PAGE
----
The additional chromosome 21 results in the physical characteristics and developmental difficulties associated with Down syndrome. While researchers are confident that an extra chromosome causes down syndrome, no one is certain why it occurs or how many distinct factors contribute.

The mother’s age is one factor that raises the probability of having a child with Down syndrome. Women who become pregnant at the age of 35 or later are more likely to have a Down syndrome-affected pregnancy than women who fall pregnant at a younger age. However, most babies born with Down syndrome are to moms under the age of 35 due to the higher rate of births among younger women.


Two tests are available to detect Down syndrome during pregnancy: screening tests and diagnostic tests. A screening test can inform a woman and her healthcare provider about the likelihood of her pregnancy having Down syndrome.

While screening tests can not provide a definitive diagnosis, they are far safer for the mother and developing infant. While diagnostic tests can often determine whether a baby will have Down syndrome or not, they can be more dangerous for the mother and growing infant. Neither screening nor diagnostic techniques can accurately predict the full impact of Down syndrome on a baby; no one can.

Often, screening tests combine a blood test to determine the presence of several compounds in the mother’s blood with an ultrasound to create an image of the baby. The fluid behind the baby’s neck is one of the things the technician examines during an ultrasound. Additional fluid in this location may suggest a genetic issue. These screening tests can assist in determining whether a baby is at risk of developing Down syndrome.

Occasionally, screening tests will produce an abnormal result even if the infant is perfectly healthy. Sometimes, test findings are normal yet fail to detect an underlying problem. Diagnostic tests are typically ordered following a positive screening test to confirm the diagnosis of Down syndrome. These tests check for chromosomal abnormalities that would imply a diagnosis of Down syndrome.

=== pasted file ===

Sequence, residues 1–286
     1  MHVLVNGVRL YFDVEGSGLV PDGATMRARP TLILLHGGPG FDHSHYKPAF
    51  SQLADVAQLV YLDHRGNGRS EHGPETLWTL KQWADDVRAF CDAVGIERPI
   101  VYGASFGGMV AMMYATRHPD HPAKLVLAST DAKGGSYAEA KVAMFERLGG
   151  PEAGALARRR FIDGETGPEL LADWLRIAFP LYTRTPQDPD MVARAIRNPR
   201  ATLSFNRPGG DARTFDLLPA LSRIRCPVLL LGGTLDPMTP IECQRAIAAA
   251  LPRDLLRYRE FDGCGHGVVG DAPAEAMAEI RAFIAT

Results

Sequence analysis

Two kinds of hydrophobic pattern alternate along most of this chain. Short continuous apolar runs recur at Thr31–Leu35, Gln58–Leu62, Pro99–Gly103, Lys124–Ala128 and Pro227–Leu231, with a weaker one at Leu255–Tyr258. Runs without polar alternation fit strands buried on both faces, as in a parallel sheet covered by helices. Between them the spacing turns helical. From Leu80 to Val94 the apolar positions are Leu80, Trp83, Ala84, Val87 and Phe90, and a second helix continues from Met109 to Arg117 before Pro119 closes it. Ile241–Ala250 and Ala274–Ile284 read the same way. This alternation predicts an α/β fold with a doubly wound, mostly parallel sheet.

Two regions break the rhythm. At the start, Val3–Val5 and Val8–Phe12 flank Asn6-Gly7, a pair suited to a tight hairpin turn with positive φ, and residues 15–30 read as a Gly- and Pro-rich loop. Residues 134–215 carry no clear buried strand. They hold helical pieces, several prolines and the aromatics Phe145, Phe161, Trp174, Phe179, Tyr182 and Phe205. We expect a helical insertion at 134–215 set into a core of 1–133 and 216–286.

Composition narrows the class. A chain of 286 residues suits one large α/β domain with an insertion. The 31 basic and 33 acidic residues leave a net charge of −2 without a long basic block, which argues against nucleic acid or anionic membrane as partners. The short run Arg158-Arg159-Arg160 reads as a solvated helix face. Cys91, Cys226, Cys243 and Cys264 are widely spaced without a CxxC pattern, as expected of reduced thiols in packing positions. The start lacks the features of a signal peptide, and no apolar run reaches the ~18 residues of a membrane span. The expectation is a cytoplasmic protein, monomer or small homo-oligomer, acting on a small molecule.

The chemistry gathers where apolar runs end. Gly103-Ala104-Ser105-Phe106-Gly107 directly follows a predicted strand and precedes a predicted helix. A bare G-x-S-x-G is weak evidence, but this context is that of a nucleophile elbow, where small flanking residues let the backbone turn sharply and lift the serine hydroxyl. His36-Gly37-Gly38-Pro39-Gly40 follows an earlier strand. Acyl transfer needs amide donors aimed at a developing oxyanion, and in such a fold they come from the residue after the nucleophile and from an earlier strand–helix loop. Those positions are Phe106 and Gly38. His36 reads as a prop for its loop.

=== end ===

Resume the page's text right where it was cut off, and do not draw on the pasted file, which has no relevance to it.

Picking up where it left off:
Additional health concerns

Many people with Down syndrome share the same facial characteristics and have no other significant birth abnormalities. However, some individuals with Down syndrome may have one or more substantial birth abnormalities or other medical complications. The following are some of the more prevalent health problems encountered by children with Down syndrome:

  • Hearing impairment
  • Obstructive sleep apnea (a condition in which a person’s breathing stops momentarily while sleeping)
  • Infections of the ears
  • Diseases of the eyes
  • Congenital disabilities of the heart


Down syndrome is a chronic disorder that requires lifetime care. Early intervention services frequently assist infants and children with Down syndrome in developing their physical and intellectual abilities. The majority of these services are geared toward helping children with Down syndrome in reaching their full potential.

These treatments, including speech, occupational, and physical therapy, are typically provided through each state’s early intervention programmes. Children with Down syndrome may also require more assistance or attention in school, but many are integrated into regular schools and education platforms.